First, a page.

Ad-Hockery

ad-hockery: /ad·hok'@r·ee/, n.
Gratuitous assumptions... which lead to the appearance of semi-intelligent behavior but are in fact entirely arbitrary. Jargon File

Articles tagged ‘spring’

Grails Gotcha: Beware HEAD requests when rendering binary output in controllers

Although most Grails controllers render HTML, JSON or XML output it is possible to use them to render binary data as well. We use a controller to render images uploaded by editors into our content management interface. The theory is simple enough, instead of using the render dynamic method or returning a model the controller action just writes bytes directly to the HTTP response stream. Our action looked something like this:

def show = {
    def image = Image.read(params.id)
    if (image) {
        response.contentType = image.contentType
        response.outputStream.withStream { stream ->
            stream << image.bytes
        }
    } else {
        response.sendError SC_NOT_FOUND
    }
}

This seemed to work well enough. However when writing a test I noticed an odd thing. I was using RESTClient to scrape resource URLs out of and make a HEAD request against them to ensure the URLs were valid. Javascript and CSS files were working fine but all the non-static images in the page were getting 404s.

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Data-driven variation with Spock

Spock’s where: block is commonly used with a data table but can also be driven by any Iterable data. It’s worth bearing in mind that the data driving the where: block doesn’t have to be hardcoded, it can be dynamic. For example, today we implemented a spec to ensure that every table in our database schema has a primary key (because it’s required by HA-JDBC and not automatically added by GORM on join tables).

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Avoiding accidental i18n in Grails

We’re developing an app that’s exclusively for a UK audience so i18n really isn’t an issue for us. However recently we got bitten by some i18n creeping in where we didn’t want it. Specifically, when using Grails’ g:dateFormat tag the default behaviour is to format the date according to the Locale specified in the user’s Accept-Language header. Even though we are explicitly specifying a format pattern for the date Java is aware of localized day names for some languages so the output can vary. The result is that on a page full of English text there suddenly appears a Spanish or Swedish day name. What makes things worse is that as we use server-side content caching and a CDN if a user with a non-English Accept-Language header is the first to see a particular page or bit of dynamically retrieved content then the cache is primed and until it expires everyone will see the non-English day name text. The solution in a Grails app is as simple as replacing Spring’s standard localeResolver bean with an instance of FixedLocaleResolver. Just add the following to grails-app/conf/spring/resources.groovy:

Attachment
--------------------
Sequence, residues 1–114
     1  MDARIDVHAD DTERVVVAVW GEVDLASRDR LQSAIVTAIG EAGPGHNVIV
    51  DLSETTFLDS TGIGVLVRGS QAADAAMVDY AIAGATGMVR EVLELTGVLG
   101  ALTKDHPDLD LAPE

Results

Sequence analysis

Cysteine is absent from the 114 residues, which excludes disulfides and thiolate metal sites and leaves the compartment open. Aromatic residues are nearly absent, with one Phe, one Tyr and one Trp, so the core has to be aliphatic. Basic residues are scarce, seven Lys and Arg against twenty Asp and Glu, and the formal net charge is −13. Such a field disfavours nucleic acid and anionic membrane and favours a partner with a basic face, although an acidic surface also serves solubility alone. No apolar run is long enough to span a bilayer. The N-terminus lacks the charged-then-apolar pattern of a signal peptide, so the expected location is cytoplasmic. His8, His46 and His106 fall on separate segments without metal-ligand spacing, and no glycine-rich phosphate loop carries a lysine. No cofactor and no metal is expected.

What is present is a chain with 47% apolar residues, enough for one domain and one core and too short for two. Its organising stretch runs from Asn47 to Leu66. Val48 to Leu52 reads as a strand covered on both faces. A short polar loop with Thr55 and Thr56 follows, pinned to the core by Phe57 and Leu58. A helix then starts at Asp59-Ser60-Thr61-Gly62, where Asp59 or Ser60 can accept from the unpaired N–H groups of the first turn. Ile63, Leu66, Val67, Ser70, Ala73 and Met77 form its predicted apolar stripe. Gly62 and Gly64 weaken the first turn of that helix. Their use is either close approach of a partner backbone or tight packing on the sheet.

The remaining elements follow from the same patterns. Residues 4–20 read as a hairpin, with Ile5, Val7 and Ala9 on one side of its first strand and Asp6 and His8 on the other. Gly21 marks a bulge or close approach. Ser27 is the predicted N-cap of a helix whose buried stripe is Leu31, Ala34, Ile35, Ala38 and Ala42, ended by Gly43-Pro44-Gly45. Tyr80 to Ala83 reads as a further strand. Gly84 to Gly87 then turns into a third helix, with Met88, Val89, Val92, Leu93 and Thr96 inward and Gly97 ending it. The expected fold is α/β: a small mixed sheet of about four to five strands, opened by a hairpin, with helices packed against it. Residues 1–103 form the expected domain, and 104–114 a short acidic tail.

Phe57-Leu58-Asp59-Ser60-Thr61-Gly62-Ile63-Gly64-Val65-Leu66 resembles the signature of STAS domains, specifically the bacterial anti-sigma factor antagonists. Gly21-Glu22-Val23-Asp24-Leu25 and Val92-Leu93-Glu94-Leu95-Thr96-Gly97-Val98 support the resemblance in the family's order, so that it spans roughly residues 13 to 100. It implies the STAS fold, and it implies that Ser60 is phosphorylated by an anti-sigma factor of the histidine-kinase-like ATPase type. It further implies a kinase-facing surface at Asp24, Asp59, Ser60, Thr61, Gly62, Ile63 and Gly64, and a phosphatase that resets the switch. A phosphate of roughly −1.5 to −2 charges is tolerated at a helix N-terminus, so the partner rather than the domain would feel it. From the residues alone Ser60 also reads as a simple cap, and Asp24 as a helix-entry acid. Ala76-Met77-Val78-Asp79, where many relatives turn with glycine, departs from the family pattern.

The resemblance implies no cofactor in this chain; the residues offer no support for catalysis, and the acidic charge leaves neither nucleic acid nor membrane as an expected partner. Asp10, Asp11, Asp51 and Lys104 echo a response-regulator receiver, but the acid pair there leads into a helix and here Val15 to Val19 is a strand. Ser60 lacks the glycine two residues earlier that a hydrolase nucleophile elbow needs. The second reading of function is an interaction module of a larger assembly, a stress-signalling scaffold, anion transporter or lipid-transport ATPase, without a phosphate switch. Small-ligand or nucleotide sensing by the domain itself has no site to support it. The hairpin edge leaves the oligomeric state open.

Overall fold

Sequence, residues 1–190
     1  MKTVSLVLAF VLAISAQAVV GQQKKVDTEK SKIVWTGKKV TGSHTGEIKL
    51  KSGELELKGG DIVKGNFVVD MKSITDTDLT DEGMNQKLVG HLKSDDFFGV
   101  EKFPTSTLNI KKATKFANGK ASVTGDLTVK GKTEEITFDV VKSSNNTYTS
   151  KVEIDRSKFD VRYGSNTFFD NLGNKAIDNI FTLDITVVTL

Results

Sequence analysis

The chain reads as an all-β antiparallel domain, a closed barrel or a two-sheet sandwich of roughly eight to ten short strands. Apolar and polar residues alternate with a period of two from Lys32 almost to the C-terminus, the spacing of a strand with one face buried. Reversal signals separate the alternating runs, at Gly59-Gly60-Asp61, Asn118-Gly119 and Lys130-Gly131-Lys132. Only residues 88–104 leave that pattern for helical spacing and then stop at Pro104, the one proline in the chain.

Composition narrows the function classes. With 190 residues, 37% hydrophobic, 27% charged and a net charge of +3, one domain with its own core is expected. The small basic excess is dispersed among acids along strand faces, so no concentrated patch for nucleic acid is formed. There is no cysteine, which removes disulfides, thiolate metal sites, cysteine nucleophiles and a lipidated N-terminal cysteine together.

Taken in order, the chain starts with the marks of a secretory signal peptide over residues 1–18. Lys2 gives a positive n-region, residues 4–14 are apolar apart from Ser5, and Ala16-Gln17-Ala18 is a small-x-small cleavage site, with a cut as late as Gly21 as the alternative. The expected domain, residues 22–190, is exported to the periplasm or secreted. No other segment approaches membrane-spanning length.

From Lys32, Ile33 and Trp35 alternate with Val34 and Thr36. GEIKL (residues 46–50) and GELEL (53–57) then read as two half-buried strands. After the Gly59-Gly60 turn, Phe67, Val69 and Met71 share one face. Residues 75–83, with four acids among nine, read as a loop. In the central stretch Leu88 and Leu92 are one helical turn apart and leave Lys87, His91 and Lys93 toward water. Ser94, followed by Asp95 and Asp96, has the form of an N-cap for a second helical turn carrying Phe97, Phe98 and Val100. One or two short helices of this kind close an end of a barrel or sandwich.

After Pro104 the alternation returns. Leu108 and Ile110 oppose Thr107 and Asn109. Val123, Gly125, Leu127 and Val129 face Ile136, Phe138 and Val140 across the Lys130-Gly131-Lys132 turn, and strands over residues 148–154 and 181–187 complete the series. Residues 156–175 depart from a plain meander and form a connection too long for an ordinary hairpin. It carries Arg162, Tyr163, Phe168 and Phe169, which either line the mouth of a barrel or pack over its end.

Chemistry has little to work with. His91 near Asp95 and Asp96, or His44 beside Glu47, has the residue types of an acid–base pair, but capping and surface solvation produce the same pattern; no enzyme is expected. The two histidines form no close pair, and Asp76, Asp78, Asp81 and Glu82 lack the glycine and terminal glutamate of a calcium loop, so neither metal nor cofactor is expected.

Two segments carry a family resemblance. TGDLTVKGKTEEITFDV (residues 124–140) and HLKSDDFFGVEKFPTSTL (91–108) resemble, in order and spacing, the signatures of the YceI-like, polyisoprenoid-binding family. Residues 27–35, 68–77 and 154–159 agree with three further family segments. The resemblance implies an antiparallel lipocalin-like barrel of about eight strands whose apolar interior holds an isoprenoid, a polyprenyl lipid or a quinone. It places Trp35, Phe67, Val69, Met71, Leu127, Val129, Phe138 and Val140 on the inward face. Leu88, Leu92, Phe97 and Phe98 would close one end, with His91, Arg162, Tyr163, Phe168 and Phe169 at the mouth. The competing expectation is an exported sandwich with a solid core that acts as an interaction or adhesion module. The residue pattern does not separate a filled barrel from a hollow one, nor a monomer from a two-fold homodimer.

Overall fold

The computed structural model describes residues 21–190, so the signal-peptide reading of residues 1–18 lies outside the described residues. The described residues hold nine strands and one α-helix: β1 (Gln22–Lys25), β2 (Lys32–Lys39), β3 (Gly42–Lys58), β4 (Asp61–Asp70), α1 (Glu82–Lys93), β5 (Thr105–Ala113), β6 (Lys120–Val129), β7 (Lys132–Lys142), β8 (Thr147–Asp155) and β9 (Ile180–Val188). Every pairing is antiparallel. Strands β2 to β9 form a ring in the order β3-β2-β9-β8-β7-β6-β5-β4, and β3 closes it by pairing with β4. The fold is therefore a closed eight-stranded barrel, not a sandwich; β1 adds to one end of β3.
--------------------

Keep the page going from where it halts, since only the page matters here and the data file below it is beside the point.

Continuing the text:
localeResolver(org.springframework.web.servlet.i18n.FixedLocaleResolver, Locale.UK)

This changes the way Spring works out the request locale and any locale-aware tags should just fall into place.

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Asynchronous application events in Grails

On the project for my current client we’ve been using JMS in a rather naïve way for some time now. We’ve also experienced a certain amount of pain getting JMS and ActiveMQ configured correctly. However, all we’re really using JMS for is asynchronous event broadcasting. Essentially we have a handful actions such as flushing hardware caches and notifying external systems that take place when a document changes. We don’t want these things blocking the request thread when users save data.

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Springcache Plugin Status

A couple of people have asked me about the Springcache plugin and Grails 1.2. Currently the plugin is not compatible with 1.2-M3 and onwards. The reason for this is that the spring-modules-cache library that the plugin depends on is not compatible with Spring 3.0 which is used by the newest versions of Grails. Not only that but the spring-modules project has been discontinued altogether. There is a fork of it on Github but that doesn’t look terribly active either. This means that at some point I’m going to have to sit down and write some code to bring the annotation driven caching inside the plugin itself and drop the spring-modules dependency. However, just to compound things the Spring documentation on the relevant area hasn’t been updated yet and still references the classes that have been removed from the API which is what’s causing the incompatibility in the first place!

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